2. Would data-as-labour actually eliminate the need for advertising? What about high gross margin products? I doubt that Lamborghini would prefer chasing people willing to earn $10 by telling what their friends ate this morning compared to paying $1,000 for ad impressions on the news feeds of rich users.
  3. Even if people become aware of the value of their data, isn’t it a bit intrusive to ask them to share intimate information about their friends? In Marketopia, I’d definitely be constantly wary of talking about anything personal with anyone else.

Nonetheless, there are signals in the blockchain space that adding an incentivisation layer to data-generating platforms is something people want. For instance, there’s this newly launched platform called Cent which lets you “earn income from anywhere”. Basically, it’s Twitter with an Ethereum-powered tip mechanism, which is pretty cool and it’s getting good traction. Two other examples are Akasha and Steemit.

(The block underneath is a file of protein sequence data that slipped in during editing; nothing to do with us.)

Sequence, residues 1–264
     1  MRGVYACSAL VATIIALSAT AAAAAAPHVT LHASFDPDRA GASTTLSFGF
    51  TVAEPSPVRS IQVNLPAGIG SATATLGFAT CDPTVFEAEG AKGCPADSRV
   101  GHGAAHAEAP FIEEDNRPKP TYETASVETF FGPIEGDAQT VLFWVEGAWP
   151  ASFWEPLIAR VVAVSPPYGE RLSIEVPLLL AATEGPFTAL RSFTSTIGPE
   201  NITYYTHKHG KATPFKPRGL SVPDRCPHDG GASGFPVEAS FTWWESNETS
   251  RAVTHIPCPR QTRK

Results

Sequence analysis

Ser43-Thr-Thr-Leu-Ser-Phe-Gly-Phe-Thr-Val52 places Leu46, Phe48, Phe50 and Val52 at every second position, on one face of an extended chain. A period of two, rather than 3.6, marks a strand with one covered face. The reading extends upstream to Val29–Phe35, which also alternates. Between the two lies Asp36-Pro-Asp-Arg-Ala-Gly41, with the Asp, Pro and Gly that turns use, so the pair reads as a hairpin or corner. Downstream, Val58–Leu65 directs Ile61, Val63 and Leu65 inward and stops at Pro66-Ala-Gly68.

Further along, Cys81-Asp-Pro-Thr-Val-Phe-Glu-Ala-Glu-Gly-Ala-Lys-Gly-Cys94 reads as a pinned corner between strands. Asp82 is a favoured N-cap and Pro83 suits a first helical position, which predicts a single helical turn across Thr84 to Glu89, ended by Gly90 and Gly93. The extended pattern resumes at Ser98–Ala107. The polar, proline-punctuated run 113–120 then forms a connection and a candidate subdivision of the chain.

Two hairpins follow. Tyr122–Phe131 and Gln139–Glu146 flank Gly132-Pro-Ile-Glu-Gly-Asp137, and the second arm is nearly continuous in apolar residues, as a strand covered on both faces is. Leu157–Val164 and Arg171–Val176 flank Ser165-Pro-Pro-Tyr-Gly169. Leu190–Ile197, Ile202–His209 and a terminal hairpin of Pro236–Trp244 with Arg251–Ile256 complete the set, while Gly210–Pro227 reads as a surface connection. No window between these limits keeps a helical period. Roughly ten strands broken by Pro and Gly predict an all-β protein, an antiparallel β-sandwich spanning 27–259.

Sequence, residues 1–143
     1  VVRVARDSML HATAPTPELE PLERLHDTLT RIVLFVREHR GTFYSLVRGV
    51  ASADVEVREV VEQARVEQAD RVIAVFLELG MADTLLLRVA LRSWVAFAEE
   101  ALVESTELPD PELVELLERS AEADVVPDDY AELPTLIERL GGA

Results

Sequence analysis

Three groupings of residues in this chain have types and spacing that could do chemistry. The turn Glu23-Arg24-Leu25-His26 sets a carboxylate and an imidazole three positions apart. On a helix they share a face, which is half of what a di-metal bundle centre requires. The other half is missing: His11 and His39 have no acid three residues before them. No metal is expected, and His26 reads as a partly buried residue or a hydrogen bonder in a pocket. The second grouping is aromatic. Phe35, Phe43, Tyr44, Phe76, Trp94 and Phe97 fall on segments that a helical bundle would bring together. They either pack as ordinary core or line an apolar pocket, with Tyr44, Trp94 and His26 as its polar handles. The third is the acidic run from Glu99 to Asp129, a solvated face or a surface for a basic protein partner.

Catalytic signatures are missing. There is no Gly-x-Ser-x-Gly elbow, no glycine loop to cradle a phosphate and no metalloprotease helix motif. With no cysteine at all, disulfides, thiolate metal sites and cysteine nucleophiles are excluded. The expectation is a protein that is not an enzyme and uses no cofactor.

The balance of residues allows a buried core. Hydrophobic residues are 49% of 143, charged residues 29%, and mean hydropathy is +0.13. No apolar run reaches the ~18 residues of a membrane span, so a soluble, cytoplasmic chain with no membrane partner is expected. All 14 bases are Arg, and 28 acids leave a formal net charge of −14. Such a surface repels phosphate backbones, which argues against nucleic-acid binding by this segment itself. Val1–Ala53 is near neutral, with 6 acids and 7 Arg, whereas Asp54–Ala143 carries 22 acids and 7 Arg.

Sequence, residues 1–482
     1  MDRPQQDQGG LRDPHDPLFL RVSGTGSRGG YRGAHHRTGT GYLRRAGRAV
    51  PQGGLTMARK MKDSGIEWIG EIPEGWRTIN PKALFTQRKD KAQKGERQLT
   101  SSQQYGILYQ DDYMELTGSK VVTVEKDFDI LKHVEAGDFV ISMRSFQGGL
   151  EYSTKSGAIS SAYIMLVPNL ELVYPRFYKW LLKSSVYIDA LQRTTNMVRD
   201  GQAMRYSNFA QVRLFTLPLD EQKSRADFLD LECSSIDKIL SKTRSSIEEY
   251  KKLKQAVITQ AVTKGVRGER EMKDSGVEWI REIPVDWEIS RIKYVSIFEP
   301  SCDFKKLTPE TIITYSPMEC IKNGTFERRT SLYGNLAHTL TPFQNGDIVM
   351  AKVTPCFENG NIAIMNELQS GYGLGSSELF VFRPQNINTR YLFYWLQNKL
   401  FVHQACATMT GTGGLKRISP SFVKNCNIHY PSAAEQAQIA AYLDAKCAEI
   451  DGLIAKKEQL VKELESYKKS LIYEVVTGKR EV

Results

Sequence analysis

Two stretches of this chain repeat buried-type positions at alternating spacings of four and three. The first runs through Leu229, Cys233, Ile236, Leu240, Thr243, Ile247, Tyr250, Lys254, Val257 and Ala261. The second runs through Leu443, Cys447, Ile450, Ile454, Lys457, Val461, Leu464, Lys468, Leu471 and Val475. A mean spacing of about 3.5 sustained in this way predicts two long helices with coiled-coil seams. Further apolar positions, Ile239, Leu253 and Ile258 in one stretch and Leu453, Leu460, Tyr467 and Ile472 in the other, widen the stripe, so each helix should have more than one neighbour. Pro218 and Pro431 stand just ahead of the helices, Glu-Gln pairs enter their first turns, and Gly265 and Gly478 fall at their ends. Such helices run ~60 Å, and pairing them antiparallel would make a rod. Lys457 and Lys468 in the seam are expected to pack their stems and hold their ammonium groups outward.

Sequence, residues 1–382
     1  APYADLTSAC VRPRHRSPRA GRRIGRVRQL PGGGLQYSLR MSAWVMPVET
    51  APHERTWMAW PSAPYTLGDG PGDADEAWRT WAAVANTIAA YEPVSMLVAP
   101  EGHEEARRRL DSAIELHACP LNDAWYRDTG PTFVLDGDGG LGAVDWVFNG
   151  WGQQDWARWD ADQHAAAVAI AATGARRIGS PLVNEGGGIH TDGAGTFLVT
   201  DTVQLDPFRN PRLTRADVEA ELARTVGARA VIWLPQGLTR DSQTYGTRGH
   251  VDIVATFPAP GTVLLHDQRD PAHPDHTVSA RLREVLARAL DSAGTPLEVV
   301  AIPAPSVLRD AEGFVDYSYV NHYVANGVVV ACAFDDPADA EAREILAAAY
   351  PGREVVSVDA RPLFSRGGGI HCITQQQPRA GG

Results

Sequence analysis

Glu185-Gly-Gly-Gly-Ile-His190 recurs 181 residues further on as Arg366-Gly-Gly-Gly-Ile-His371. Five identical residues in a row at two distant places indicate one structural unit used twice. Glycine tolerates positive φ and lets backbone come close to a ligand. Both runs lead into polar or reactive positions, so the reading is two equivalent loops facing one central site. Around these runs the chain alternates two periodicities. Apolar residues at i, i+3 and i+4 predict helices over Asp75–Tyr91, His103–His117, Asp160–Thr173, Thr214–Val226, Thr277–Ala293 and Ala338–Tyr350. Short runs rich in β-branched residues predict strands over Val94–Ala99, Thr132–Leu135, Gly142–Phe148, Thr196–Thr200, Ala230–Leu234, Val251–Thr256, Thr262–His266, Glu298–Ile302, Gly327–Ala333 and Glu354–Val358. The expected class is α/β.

I agree with the fact that the market is inefficient and that we should strive to reach an optimum state. All reforms in RM are aimed at increasing economic output while decreasing inequality within and across countries, thus predicting an enhancement of the performance of the market.

The scopes are indeed noble, but we have yet to see if (1) markets in everything makes sense at all, (2) the masses can easily adapt to new economic responsibilities and (3) the book’s macroeconomic predictions will stand the test of time.

In the meantime, let us remember Jeremy Bentham’s fundamental axiom about governing societies:

It is the greatest happiness of the greatest number that is the measure of right and wrong.

Finally, I thank you for reading this assessment and I hope that you enjoyed my discourse and found little to no noise in it. If Eric or Glen will ever read this, I want to thank you for introducing me to economics through a beautiful, ambitious and insightful book.

Find me on Twitter or Keybase if you want to chat.